The right answer really comes down to what your mindset and risk tolerance are.  You don't mention what you are making, but based on how much you are putting away I'm assuming you're doing OK.  My take would be if you are a very high earner or have a side gig like WCI, then you will probably have money to pay off the mortgage when you want no matter the strategy. If you are in one of the lower paying specialties then it might be better to pay down the principal either yearly or monthly.  I don't much like option 2 since you introduce unnecessary risk into the equation.  For me there was a great deal of satisfaction having the house paid off (and later my office building).  It's quite amazing how much easier handling finances and cash flow are when you don't have a mortgage.

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                    • #11




                      The right answer really comes down to what your mindset and risk tolerance are.  You don’t mention what you are making, but based on how much you are putting away I’m assuming you’re doing OK.  My take would be if you are a very high earner or have a side gig like WCI, then you will probably have money to pay off the mortgage when you want no matter the strategy. If you are in one of the lower paying specialties then it might be better to pay down the principal either yearly or monthly.  I don’t much like option 2 since you introduce unnecessary risk into the equation.  For me there was a great deal of satisfaction having the house paid off (and later my office building).  It’s quite amazing how much easier handling finances and cash flow are when you don’t have a mortgage.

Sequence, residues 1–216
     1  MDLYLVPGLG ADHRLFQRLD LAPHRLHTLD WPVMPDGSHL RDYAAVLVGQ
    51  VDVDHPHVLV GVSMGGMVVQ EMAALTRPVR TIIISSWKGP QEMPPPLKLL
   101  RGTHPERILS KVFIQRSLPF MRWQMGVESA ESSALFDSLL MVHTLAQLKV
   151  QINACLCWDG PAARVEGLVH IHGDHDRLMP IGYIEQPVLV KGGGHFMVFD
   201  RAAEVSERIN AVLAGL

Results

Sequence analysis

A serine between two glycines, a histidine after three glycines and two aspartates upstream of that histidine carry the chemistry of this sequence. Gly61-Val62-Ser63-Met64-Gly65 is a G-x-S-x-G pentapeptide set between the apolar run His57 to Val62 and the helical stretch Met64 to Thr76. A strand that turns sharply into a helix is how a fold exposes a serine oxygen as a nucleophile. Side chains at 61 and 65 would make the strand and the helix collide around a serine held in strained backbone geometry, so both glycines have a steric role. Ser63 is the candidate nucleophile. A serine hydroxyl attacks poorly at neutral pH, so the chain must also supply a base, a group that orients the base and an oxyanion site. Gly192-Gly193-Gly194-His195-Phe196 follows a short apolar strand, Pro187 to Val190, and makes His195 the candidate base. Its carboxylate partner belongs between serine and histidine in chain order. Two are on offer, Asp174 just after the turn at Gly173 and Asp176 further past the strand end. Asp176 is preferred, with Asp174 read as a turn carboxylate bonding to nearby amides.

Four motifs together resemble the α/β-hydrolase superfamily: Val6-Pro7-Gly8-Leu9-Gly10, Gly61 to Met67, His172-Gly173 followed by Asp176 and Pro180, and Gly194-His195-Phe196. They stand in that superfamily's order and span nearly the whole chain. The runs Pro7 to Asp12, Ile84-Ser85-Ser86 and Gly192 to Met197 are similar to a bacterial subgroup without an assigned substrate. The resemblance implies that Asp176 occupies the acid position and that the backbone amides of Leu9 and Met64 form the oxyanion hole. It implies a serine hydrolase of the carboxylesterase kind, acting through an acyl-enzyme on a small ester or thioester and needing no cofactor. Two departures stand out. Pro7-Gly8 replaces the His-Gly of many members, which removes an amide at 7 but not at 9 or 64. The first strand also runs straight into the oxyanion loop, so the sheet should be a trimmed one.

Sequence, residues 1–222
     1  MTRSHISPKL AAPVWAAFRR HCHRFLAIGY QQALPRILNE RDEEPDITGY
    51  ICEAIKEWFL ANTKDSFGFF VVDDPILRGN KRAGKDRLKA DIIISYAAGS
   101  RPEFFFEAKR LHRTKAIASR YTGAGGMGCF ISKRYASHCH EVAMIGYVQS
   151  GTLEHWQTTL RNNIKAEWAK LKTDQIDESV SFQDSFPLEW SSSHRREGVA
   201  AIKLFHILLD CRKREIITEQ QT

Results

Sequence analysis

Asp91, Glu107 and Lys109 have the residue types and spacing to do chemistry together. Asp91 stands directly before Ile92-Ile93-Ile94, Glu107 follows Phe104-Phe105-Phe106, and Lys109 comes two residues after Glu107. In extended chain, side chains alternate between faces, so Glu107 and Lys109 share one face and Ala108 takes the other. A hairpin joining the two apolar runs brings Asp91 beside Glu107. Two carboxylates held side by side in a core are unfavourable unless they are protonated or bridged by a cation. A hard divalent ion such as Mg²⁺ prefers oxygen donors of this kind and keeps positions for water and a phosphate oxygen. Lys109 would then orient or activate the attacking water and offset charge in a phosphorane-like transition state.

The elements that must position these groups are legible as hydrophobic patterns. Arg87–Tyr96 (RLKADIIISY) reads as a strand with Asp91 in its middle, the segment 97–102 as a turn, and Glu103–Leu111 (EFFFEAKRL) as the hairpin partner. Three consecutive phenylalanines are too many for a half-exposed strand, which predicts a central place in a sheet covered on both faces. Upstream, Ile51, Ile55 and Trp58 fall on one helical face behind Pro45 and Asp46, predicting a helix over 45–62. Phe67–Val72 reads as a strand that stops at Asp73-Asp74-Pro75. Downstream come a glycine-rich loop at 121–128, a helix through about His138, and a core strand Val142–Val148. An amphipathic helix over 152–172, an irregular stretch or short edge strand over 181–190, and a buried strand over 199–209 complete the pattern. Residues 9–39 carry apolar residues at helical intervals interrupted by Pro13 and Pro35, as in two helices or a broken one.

Click to expand...


                      For sure there's something to be said for a budget without payments.

                      Quite literally the only things I have to buy each month are food (and even then we could probably go at least a full month), utilities (and honestly they probably wouldn't shut them off for a few months), insurance (and I guess that's optional too) and gasoline (but I guess we'd drive less.) So we spend some of it, give some of it, and invest the rest. Zero financial stress. Zero worry about making payments. If my group fires me tomorrow, it doesn't change my life financially. If WCI, LLC's income was cut by 75%, we'd simply invest and give less. It wouldn't affect our spending.

                      Increase income, decrease expenses, and decrease your fixed to variable expense ratio whenever possible and eventually you get an awful lot of financial freedom.
                      Helping those who wear the white coat get a fair shake on Wall Street since 2011

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                      • #12
                        I agree with what others have mentioned about being flexible. We put an extra 1k towards our mortgage every month for the first 3 years. Then we realized how much our house had appreciated and suddenly our net worth was half equity and half investments. Since we're young, we decided it would be better to put that extra money into retirement funds this year, so that's what we're doing. You can always re arrange things pretty easily if what you are doing doesn't work for you at some point.

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                        • #13
                          I'd lean toward Option 2.  Not too tough to beat 3%, even in taxable at a high marginal tax rate.

                          Really can't go wrong with either option or a combination of the two.